Does Your Golf Club Sweep the Ground?

Sometimes I can drive a golf ball about 350 yards. Sometimes I can throw my back out on a swing and a miss. Sometimes I hit the ball straight up and it comes crashing down hard. I have never had a birdie. But at least I have never hit a bird yet, like Giovanna did once.

One day my wife and I took golfing lessons. The instructor could hit the ball consistently swinging with one arm. Much better accuracy than I had with two. My biggest problem was form. But on practice swings I would have no way of knowing if my form was good or bad because I would swing, think it felt good, then swing and a miss.

If your golf club hits the ground then you know where the ground is. If you consistently sweep the ground then you will consistently hit the ball well. But if you do not touch the ground you do not know how far you are off.

How does that story relate to SEO?

A friend of mine has a bunch of decent domains he wants to build out, but he is afraid to spend too much on links on any of them. Given the field that he is in and that he has some exact match domain names he could probably rank a number of them just by using simple link building solutions like submitting to directories.

He said he did not want to invest too much into any one of them because he had a lot of them to do. I said I recommend over-investing in one of them so you guarantee the thing ranks, such that you get the traffic and market feedback needed to track conversions, test out the effect of making changes, and optimize the conversion process before applying it to dozens of sites.

Setting up one site, ranking it, and tweaking it in for conversion is just like finding Earth with a golf club. If gives you a baseline to work from to ensure you are getting maximal return out of your investments.

It does not matter how bad some of your business ideas are. As long as you are receptive to market feedback and you know where Earth is you can keep growing. For some inspiration, read about how Patrick Gavin went from "marketing the past" to becoming the leading link broker in the world.

Published: February 22, 2008 by Aaron Wall in


Patrick Altoft
February 22, 2008 - 4:23am

Golf is like SEO. The better you get the more you love it.

February 22, 2008 - 6:34am

I always put a big chunk of money into a domain to get it developed and ranked. One domain at a time. It's pointless splitting your resources across 5 domains and getting them all ranked to position #11 in Google, where no-one goes, when you could get one of them ranked #1 instead.

Then use your profits to do the next domain...

R Shelby
February 22, 2008 - 11:46am

It's pointless splitting your resources across 5 domains and getting them all ranked to position #11 in Google, where no-one goes

Number 11 ain't all that bad. In fact, just yesterday we made $100 bucks from that exact search result placement. I created a website to advertise my wife's hair salon services, and a customer came through the door because of a number 11 ranking.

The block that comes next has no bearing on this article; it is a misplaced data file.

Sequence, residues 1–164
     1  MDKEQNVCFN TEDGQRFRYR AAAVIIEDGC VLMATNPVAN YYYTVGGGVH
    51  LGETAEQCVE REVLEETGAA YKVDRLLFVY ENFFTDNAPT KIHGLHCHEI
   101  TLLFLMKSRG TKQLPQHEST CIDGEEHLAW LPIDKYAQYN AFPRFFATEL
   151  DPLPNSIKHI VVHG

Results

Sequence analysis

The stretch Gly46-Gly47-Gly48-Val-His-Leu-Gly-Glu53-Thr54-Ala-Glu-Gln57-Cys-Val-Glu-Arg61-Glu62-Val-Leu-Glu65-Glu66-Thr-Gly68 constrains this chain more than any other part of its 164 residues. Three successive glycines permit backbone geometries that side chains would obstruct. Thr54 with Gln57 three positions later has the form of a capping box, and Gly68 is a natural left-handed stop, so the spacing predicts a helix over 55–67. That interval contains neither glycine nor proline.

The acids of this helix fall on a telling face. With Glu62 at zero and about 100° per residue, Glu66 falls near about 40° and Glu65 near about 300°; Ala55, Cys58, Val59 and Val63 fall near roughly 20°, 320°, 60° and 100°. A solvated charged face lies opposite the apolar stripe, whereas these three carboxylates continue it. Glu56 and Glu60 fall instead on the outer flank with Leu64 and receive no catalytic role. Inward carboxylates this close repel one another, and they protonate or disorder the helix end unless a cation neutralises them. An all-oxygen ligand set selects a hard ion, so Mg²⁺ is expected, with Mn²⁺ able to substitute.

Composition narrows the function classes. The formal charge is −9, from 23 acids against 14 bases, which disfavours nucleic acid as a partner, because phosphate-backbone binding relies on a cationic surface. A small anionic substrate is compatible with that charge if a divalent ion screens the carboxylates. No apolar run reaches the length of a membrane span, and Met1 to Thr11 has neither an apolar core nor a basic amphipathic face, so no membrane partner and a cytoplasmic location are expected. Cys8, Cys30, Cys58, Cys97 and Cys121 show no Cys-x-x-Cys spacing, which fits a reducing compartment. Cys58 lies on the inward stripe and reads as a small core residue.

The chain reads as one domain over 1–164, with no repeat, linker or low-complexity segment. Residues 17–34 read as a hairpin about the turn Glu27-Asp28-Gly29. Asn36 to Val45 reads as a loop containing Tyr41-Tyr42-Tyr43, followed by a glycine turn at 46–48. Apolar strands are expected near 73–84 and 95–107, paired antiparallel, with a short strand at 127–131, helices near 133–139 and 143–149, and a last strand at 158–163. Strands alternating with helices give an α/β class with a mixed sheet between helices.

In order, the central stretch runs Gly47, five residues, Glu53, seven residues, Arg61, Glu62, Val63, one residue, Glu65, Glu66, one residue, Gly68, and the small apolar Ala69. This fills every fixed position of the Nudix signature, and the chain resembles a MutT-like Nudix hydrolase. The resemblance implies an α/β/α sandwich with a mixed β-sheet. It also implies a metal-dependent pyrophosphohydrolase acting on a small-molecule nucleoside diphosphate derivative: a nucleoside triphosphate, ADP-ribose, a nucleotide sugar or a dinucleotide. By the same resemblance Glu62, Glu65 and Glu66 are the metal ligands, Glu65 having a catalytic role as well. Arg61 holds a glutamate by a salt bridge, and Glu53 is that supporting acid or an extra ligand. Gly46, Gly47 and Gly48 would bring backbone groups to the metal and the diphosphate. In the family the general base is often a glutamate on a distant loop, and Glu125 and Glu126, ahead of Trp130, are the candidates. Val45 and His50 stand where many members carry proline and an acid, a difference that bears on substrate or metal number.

If I had waited until I had the time and resources to focus 100% on my wife's website, we never would have earned the money we received already.

I'm thinking it's a case by case basis.

By the way, after reading Aaron's book last month, I realized I was making some huge beginner SEO mistakes on my wife's website. Because of Aaron's book, my wife's sales have increased significantly due to the people who are now discovering her 4 month old website. Thanks Aaron!

February 22, 2008 - 1:59pm

Congrats on your success. :)

February 22, 2008 - 11:57pm

Hi Aaron, you need to practice with good habits. You need to start with the 7 or 8 iron instead of a driver :)

February 23, 2008 - 3:15am

I agree on focusing all/most of your attention and resources on your primary project. Do you think it is too early to do conversion testing and tweaking when your only getting 1,000 hits a month? Is it possible to read behavior trends with such a small dataset?

February 23, 2008 - 11:19am

It really depends on how clean that traffic is and how easily you can do split testing on it. I would typically suggest using AdWords to do split tests because the traffic stream will be more consistent.

February 25, 2008 - 12:58pm

I suppose that the other side of the coin to concentrating on just one domain at a time is that if you develop multiple domains to a minimal level at least you are creating a site history by having content. Returning to develop further at a later date may then produce quicker results.

February 25, 2008 - 8:43pm

True...and sometimes I like getting sites seeded and aged, but then I still need to pick a site or two to focus on so I can learn on it and carry that feedback back to the strategy for the other sites.

February 26, 2008 - 5:17pm

Great sports analogy. Many I know get the (wrong) idea about Internet marketers that we are a pasty lot rarely emerging into the sunlight.

350 yds? Dude, you're a beast :)

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